The question discussed in this case would be a very interesting one if it had not been set at rest by the Circuit Court of Appeals for the Third Circuit in the case of Mathues v. United States ex rel. Maro, 27 F.2d 518. A procedural difficulty might be thought to intervene, in that the question discussed is sought to be raised by demurrer. All desire, however, the real point made to be met regardless of mere formalities. There has, moreover, been a compliance with these forasmuch as the defendant had the right to a bill of particulars which has been furnished in the form of a stipulation of the fact situation out of which the law asked to be ruled arises, and a bill of particulars when furnished becomes part of the bill of indictment. If a bill of indictment charges no criminal offense of which the court can take judicial cognizance, such question can be raised by demurer. This preliminary question being thus out of the way, we face the real question raised. The indictment charges that the defendant, a citizen of the United States, was on board and one of the crew of an American ship at the time in a port under the jurisdiction of the King of Belgium in the inland waters of a river 250 miles from the sea, and moored to a wharf erected on the land from which the ship was taking on her cargo, and that the defendant then and there assaulted and caused the death of a shipmate, who was also a citizen of the United States and a member of the same crew. This killing, the indictment further charges, was a felonious homicide denounced by and under the laws of the United States as a crime committed against its "peace and dignity." We may premise that the indictment does not charge nor can this court try the defendant for an offense against the laws of the kingdom of Belgium, the laws of Pennsylvania, or for any offense other than one denounced by an act of Congress as a crime. The question thus becomes whether any act of Congress or law of the United States has conferred upon this court the judicial power to try him. The question has been discussed pro and con with great ability and with a commendable display of frankness and fairness. Where are we to look for a grant of the power in question? The United States attorney makes a very broad answer to this question by pointing to the commerce clause of the Constitution and to the grant of judicial power in cases of "Admiralty and Maritime Jurisdiction." It is worthy of comment that the enumerated powers granted to Congress by section 8 of article 1 include no reference to admiralty or maritime matters except in the power "to define and punish piracies and felonies committed on the high seas, and offenses against the law of nations" (clause 10) and the power to regulate "captures on land and water" (clause 11) with the references to the navy. The only direct reference to admiralty and maritime law is that in section 2 of article 3 providing that the judicial power shall extend to this subject.

We are unable to see that the law maritime has any bearing upon the subject under discussion, as admiralty courts are not and under our Constitution cannot be courts of criminal jurisdiction. It is only by indirection and secondarily that admiralty jurisdiction enters into the question before us as when our act of Congress in defining a crime limits it to acts committed in places within the admiralty and maritime jurisdiction of the United States. Then, of course, resort must be had to the law maritime to identify such places. Beyond all question this ship, her master and crew, were subjects of this law for whatever bearing this may have. Under the system of the administration of criminal justice in the United States, as distinguished from the several states, two things are required. Congress must have the constitutional power to legislate, and it must have exercised the power by the passage of a law. There are no crimes against the United States other than statutory offenses. This distinction is of no present importance, because the Constitution grants to Congress the power "to define and punish * * * felonies committed on the high seas," and the present Criminal Code follows the phraseology of the Constitution, so that whatever one means the other means. The law we now have (Criminal Code § 272 [ 18 USCA § 451]) is a recurrence to the original act of 1790 (1 Stat. 112) and almost a reproduction of its phraseology. It is true that in 1825 an act (4 Stat. 115) was passed which went much beyond the law as we now have it. The reason given for the change of phraseology was that there were a number of acts of varying phraseology, and it was thought to be desirable to bring them all into uniformity. Another reason may have been to bring the statute law into undoubted conformity with the Constitution. Whatever the motive may have been, the change was in fact made, and the offense defined has as an ingredient the element that it was "committed on the high seas." We fail to see the bearing of the act of 1825 other than as informative and illustrative. The opinion of Attorney General Cushing expressed in 1856, which it is to be noted was after the repeal of the act of 1825, confirms the view that an act to be a crime must have been committed on the "high seas." The high professional reputation of this distinguished official gives to his utterance the voice of authority. In the reading of the cases, the distinction must be kept in mind between the "waters" which are within the territorial domain of the United States and which may or may not be within the limits of one of our states and waters which give the courts of Admiralty maritime jurisdiction. There is no need to rule on the question of whether Congress has the constitutional power to denounce as a crime an act not committed on the "high seas" because the present Criminal Code makes no such attempt. The sole question is whether a vessel moored to a wharf 250 miles inland taking on or discharging her cargo is on the "high seas." The Circuit Court of Appeals for this circuit has decided this question for us, and by this ruling we are bound.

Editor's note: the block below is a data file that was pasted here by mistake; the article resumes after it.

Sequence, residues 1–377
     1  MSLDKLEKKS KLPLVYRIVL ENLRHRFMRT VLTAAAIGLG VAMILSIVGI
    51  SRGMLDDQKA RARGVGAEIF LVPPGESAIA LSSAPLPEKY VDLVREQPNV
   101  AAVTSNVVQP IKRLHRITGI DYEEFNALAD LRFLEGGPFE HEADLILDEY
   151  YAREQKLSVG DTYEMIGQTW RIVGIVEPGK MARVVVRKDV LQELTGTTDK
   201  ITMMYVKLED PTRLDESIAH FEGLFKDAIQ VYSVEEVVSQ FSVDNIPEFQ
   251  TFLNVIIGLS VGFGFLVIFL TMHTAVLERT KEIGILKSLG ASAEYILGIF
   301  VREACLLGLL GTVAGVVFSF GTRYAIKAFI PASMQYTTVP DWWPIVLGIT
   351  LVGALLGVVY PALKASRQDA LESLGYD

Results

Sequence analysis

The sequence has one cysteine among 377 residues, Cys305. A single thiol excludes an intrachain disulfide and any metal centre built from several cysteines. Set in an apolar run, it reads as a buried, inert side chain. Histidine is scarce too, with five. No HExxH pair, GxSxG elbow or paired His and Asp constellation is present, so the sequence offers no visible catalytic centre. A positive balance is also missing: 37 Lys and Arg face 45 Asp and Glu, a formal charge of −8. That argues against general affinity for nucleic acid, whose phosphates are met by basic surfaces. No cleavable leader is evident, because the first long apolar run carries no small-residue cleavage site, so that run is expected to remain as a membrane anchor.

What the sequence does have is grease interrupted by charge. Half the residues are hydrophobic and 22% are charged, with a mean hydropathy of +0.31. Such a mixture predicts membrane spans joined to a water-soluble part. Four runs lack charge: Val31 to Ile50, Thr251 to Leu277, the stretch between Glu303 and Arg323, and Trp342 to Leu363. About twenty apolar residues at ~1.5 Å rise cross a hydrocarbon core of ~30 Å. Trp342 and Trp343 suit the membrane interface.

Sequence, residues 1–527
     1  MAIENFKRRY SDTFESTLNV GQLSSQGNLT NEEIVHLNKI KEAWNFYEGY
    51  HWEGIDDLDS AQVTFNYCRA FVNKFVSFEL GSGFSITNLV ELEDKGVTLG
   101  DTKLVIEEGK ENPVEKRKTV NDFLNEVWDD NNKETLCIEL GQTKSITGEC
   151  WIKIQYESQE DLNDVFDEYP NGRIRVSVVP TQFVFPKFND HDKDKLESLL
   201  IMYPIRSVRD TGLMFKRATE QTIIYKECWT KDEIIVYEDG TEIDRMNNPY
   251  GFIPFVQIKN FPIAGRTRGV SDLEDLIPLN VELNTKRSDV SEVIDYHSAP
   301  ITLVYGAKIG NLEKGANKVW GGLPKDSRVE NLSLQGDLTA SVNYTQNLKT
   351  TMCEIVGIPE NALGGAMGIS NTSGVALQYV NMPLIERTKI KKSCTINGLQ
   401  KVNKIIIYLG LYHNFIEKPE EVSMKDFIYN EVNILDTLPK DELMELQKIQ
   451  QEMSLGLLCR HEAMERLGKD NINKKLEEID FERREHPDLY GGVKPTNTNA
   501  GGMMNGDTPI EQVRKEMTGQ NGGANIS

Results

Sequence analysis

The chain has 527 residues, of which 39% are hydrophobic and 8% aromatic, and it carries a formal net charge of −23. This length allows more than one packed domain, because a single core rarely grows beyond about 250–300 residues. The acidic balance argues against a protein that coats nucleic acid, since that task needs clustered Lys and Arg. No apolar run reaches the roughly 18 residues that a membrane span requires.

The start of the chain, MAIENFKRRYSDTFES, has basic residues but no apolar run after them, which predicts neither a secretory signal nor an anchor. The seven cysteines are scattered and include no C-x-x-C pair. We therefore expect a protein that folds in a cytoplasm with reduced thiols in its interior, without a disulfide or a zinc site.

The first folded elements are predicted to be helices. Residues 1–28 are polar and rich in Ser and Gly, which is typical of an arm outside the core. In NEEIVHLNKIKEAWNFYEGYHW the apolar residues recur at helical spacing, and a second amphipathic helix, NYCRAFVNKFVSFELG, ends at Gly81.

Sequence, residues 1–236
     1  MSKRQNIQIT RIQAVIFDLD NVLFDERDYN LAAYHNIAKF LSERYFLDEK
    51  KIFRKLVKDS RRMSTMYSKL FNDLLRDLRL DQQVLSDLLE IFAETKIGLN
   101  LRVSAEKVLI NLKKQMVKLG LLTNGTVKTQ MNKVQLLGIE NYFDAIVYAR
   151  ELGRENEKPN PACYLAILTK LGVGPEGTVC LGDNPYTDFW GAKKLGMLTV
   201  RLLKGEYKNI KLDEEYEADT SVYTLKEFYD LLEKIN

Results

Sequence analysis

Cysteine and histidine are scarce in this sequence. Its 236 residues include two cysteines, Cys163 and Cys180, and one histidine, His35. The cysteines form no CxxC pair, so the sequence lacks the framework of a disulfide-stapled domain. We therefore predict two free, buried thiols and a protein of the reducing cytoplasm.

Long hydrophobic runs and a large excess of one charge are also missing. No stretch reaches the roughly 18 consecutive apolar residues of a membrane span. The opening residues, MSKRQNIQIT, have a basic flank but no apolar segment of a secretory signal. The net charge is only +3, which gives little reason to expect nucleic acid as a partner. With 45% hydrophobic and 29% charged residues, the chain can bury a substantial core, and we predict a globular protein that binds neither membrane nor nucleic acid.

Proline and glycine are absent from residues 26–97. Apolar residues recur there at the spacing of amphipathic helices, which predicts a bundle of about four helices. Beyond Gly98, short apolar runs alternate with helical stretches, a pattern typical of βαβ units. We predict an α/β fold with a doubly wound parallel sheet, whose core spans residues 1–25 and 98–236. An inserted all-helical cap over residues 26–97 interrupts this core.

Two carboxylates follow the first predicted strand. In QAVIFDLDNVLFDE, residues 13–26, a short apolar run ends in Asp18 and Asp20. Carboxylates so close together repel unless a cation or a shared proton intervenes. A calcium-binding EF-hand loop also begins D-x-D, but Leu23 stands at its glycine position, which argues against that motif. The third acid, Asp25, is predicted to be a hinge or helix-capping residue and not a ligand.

Demurrer sustained, and defendant discharged without day.


© 1992-2004 VersusLaw Inc.

Buy This Entire Record For $7.95

Official citation and/or docket number and footnotes (if any) for this case available with purchase.

Learn more about what you receive with purchase of this case.